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Lipopolysaccharide-binding protein is produced in the epididymis and associated with spermatozoa and prostasomes.
J Reprod Immunol. 2005 Jun; 66(1):33-43.JR

Abstract

Lipopolysaccharide-binding protein (LBP) is an acute phase protein known to play a central role in the defense against Gram-negative bacteria. It binds lipopolysaccharides of Gram-negative bacteria and, after binding to CD14, the complex signals through Toll-like receptor (TLR)-4, eliciting host-defense responses, such as cytokine production, in inflammatory cells. The present study demonstrates constitutive expression of the gene encoding lipopolysaccharide-binding protein in the epithelium of the human epididymis by in situ hybridization. Using immunohistochemistry lipopolysaccharide-binding protein was shown to be present in the same cells and also attached to the heads and tails of spermatozoa. Cell-free seminal plasma, lysed spermatozoa and lysed prostasomes were subjected to Western blot; all showed immunoreactive bands corresponding to the size of lipopolysaccharide-binding protein. Gel filtration demonstrated that lipopolysaccharide-binding protein colocalizes with prostasomes. The concentration of lipopolysacharide-binding protein in seminal plasma was 127+/-42ng/mL (mean+/-S.D.; range 73-215ng/mL). Taken together, our results suggest roles for lipopolysaccharide-binding protein during human reproduction.

Authors+Show Affiliations

Department of Clinical Chemistry, Malmö University Hospital, SE-205 02 Malmö, Sweden. johan.malm@klkemi.mas.lu.seNo affiliation info availableNo affiliation info availableNo affiliation info availableNo affiliation info availableNo affiliation info availableNo affiliation info available

Pub Type(s)

Journal Article
Research Support, Non-U.S. Gov't

Language

eng

PubMed ID

15949560

Citation

Malm, Johan, et al. "Lipopolysaccharide-binding Protein Is Produced in the Epididymis and Associated With Spermatozoa and Prostasomes." Journal of Reproductive Immunology, vol. 66, no. 1, 2005, pp. 33-43.
Malm J, Nordahl EA, Bjartell A, et al. Lipopolysaccharide-binding protein is produced in the epididymis and associated with spermatozoa and prostasomes. J Reprod Immunol. 2005;66(1):33-43.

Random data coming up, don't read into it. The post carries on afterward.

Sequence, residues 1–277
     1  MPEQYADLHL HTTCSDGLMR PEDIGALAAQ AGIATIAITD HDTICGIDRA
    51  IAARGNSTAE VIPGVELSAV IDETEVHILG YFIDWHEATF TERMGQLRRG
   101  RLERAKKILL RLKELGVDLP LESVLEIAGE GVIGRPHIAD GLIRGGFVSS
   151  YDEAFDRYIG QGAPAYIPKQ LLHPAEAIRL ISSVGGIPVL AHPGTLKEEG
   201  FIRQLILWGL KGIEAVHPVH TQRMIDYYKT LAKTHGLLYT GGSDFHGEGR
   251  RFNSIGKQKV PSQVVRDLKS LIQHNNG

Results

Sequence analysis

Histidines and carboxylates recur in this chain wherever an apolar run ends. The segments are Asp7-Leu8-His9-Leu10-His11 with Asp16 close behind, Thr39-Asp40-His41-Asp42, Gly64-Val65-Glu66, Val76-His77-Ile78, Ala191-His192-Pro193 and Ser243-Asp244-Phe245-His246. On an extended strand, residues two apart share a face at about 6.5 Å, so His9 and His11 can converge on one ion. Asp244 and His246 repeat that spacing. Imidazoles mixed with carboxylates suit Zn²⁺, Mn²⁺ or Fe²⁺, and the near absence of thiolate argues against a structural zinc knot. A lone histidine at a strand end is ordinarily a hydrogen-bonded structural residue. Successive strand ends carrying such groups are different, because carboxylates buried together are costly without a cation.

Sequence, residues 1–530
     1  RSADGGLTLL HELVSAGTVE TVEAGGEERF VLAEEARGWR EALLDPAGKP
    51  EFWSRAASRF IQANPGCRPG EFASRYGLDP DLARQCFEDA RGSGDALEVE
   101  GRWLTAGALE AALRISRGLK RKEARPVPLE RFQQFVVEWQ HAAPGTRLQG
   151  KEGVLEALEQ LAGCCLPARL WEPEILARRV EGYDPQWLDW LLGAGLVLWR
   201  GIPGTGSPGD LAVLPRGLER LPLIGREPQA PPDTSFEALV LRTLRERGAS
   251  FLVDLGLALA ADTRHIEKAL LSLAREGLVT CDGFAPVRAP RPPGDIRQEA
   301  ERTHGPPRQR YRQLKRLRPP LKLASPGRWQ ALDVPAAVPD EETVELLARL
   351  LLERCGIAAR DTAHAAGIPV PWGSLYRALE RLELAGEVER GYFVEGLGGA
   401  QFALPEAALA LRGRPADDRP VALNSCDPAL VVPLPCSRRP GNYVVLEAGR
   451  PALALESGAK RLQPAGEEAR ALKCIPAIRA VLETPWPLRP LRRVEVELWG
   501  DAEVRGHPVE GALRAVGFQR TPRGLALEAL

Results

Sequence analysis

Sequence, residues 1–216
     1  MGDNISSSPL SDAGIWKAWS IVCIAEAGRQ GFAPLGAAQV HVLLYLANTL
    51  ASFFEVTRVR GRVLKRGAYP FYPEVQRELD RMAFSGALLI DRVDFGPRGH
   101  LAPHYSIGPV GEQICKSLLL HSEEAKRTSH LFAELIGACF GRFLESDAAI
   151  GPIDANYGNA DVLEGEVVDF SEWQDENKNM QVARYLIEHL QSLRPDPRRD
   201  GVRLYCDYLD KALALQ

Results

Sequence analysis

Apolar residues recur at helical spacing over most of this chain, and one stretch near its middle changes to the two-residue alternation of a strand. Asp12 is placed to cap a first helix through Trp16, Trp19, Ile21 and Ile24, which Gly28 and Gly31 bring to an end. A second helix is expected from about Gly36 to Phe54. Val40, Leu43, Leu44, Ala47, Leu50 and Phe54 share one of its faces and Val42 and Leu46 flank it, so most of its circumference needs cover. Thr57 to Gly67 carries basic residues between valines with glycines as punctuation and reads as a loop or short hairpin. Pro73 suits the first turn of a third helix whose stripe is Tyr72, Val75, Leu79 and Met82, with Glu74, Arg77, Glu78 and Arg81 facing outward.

Malm, J., Nordahl, E. A., Bjartell, A., Sørensen, O. E., Frohm, B., Dentener, M. A., & Egesten, A. (2005). Lipopolysaccharide-binding protein is produced in the epididymis and associated with spermatozoa and prostasomes. Journal of Reproductive Immunology, 66(1), 33-43.
Malm J, et al. Lipopolysaccharide-binding Protein Is Produced in the Epididymis and Associated With Spermatozoa and Prostasomes. J Reprod Immunol. 2005;66(1):33-43. PubMed PMID: 15949560.
* Article titles in AMA citation format should be in sentence-case
TY - JOUR T1 - Lipopolysaccharide-binding protein is produced in the epididymis and associated with spermatozoa and prostasomes. AU - Malm,Johan, AU - Nordahl,Emma Andersson, AU - Bjartell,Anders, AU - Sørensen,Ole E, AU - Frohm,Birgitta, AU - Dentener,Mieke A, AU - Egesten,Arne, PY - 2004/05/24/received PY - 2005/01/13/revised PY - 2005/01/25/accepted PY - 2005/6/14/pubmed PY - 2005/10/19/medline PY - 2005/6/14/entrez SP - 33 EP - 43 JF - Journal of reproductive immunology JO - J Reprod Immunol VL - 66 IS - 1 N2 - Lipopolysaccharide-binding protein (LBP) is an acute phase protein known to play a central role in the defense against Gram-negative bacteria. It binds lipopolysaccharides of Gram-negative bacteria and, after binding to CD14, the complex signals through Toll-like receptor (TLR)-4, eliciting host-defense responses, such as cytokine production, in inflammatory cells. The present study demonstrates constitutive expression of the gene encoding lipopolysaccharide-binding protein in the epithelium of the human epididymis by in situ hybridization. Using immunohistochemistry lipopolysaccharide-binding protein was shown to be present in the same cells and also attached to the heads and tails of spermatozoa. Cell-free seminal plasma, lysed spermatozoa and lysed prostasomes were subjected to Western blot; all showed immunoreactive bands corresponding to the size of lipopolysaccharide-binding protein. Gel filtration demonstrated that lipopolysaccharide-binding protein colocalizes with prostasomes. The concentration of lipopolysacharide-binding protein in seminal plasma was 127+/-42ng/mL (mean+/-S.D.; range 73-215ng/mL). Taken together, our results suggest roles for lipopolysaccharide-binding protein during human reproduction. SN - 0165-0378 UR - https://www.unboundmedicine.com/medline/citation/15949560/Lipopolysaccharide_binding_protein_is_produced_in_the_epididymis_and_associated_with_spermatozoa_and_prostasomes_ L2 - https://linkinghub.elsevier.com/retrieve/pii/S0165-0378(05)00022-7 DB - PRIME DP - Unbound Medicine ER -